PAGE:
Former Congressman Virgil Goode enters race for Constitution Party presidential nomination

Saturday, February 18, 2012

Congressional photo of Virgil Goode
Image: U.S. Congress.

Former U.S. Republican Party Congressman Virgil Goode of Virginia announced he is running for President of the United States. He told the The Daily Caller on Thursday that he is seeking the 2012 nomination of the Constitution Party on a platform of limited government, a balanced budget, term limits for Congress, and border security.

If he wins the party's nomination, he expects to take votes away from both President Barack Obama and the Republican Party nominee. Goode filed his candidacy with the Federal Election Commission (FEC) on February 10, and had been speculated to make a run since last year.

Goode was elected to Virginia's Fifth U.S. congressional district in 1996 as a Democrat. He was re-elected in 1998, and left the party before the 2000 election to run as an Independent. He joined the Republican Party ahead of the 2002 election, and was re-elected three times until his defeat in 2008. Since then, Goode has joined the Constitution Party, and has served on its executive committee for two years.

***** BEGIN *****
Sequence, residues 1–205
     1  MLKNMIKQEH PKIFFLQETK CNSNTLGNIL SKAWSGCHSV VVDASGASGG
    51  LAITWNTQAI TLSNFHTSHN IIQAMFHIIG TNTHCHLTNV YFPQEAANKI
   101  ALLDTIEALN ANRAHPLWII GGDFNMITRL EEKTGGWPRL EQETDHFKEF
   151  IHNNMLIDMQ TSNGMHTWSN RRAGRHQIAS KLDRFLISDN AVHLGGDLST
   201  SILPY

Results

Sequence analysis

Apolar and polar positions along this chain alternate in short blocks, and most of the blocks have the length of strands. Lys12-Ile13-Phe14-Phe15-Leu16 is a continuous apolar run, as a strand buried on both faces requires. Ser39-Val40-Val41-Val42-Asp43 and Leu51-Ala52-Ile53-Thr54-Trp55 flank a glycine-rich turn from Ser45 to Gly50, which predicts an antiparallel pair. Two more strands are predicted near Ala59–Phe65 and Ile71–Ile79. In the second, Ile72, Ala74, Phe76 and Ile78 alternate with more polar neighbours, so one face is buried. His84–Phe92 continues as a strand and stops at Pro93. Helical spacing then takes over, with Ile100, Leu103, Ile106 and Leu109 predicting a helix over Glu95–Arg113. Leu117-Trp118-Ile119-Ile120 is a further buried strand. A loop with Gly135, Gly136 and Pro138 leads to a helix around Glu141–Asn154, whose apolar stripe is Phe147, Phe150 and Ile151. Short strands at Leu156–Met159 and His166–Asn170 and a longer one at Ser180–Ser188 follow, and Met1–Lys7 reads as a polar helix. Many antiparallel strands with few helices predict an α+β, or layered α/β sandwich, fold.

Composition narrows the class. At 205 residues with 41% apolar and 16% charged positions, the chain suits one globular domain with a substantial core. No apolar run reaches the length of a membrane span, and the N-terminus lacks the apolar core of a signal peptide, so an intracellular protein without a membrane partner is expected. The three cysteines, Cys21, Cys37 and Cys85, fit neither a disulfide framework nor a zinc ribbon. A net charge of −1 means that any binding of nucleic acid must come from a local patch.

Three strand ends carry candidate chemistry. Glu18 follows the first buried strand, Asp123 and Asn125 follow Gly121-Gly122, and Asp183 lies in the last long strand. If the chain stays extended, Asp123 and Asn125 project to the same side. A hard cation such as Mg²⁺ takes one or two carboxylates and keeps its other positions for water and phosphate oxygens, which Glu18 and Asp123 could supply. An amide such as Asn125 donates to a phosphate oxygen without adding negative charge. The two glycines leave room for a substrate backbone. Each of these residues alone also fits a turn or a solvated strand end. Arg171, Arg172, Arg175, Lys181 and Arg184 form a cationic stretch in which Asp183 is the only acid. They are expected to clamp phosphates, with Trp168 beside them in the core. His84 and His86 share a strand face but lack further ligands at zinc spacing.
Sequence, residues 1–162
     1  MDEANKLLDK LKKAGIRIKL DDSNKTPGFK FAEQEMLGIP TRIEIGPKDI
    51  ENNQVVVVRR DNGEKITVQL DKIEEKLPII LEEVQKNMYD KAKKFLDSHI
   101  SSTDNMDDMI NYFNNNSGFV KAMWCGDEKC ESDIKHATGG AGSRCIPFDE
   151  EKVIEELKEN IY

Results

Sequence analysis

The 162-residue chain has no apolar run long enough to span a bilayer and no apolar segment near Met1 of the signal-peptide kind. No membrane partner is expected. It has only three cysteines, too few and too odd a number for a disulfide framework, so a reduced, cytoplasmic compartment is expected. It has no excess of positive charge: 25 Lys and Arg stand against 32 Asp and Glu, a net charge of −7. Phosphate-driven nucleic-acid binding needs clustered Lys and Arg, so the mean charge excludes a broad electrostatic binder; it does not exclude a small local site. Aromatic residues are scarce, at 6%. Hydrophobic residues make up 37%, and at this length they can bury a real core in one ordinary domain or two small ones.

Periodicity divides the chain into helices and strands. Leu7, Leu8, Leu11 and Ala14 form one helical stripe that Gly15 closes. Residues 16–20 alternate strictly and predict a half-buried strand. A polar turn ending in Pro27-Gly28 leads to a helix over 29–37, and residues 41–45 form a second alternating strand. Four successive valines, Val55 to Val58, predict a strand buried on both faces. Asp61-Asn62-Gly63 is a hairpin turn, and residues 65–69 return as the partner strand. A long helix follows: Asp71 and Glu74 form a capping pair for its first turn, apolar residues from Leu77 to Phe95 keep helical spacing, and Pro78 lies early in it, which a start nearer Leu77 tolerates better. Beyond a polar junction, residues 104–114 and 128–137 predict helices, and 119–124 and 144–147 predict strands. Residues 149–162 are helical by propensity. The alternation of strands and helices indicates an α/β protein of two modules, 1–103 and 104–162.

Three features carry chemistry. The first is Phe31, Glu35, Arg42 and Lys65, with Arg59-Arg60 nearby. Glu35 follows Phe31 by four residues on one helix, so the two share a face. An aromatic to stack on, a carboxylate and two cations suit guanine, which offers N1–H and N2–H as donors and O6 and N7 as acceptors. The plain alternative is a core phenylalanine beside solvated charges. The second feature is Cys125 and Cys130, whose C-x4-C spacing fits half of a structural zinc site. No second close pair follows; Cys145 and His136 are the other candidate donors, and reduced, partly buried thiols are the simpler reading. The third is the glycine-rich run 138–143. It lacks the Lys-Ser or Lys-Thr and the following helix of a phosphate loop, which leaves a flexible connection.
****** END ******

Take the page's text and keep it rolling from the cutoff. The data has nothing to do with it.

The Constitution Party advocates states' rights, gun rights, limited government, protectionism, and non-interventionism, and strongly opposes abortion and illegal immigration. It was founded with the name U.S. Taxpayers Party in 1991, and changed to today's name eight years later. Its voter registration is the third largest among United States political parties with 367,000 members. For the 2008 presidential election, the party nominated pastor Chuck Baldwin, who appeared on 37 state ballots and received 199,314 votes (0.15%).

The party will hold its 2012 nominating convention in April. Others seeking the nomination include former Savannah State football coach Robby Wells.

Political consultant Dave "Mudcat" Saunders suggests Goode's presence on the ballot would take votes away from Republicans, particularly in his home state of Virginia, a potential battleground state that traditionally votes Republican but backed Obama in 2008. "[H]e's going to get some votes down there in the southern end of the 5th District [of Virginia]. No question" says Saunders. "[T]hat's an area that's tough on Democrats". "Whoever votes for Virgil was going to vote for a Republican, so in that region of the state it could be good for Obama".